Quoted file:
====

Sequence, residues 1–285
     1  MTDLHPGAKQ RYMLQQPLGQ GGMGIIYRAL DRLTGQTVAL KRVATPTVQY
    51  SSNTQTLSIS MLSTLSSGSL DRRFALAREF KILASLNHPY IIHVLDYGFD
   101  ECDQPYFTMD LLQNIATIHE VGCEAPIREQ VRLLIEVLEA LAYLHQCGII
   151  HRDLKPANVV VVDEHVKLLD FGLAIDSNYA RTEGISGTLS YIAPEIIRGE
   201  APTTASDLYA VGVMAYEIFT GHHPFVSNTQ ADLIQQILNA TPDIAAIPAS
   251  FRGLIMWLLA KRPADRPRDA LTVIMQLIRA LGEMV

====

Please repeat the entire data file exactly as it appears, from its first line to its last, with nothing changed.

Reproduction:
Sequence, residues 1–285
     1  MTDLHPGAKQ RYMLQQPLGQ GGMGIIYRAL DRLTGQTVAL KRVATPTVQY
    51  SSNTQTLSIS MLSTLSSGSL DRRFALAREF KILASLNHPY IIHVLDYGFD
   101  ECDQPYFTMD LLQNIATIHE VGCEAPIREQ VRLLIEVLEA LAYLHQCGII
   151  HRDLKPANVV VVDEHVKLLD FGLAIDSNYA RTEGISGTLS YIAPEIIRGE
   201  APTTASDLYA VGVMAYEIFT GHHPFVSNTQ ADLIQQILNA TPDIAAIPAS
   251  FRGLIMWLLA KRPADRPRDA LTVIMQLIRA LGEMV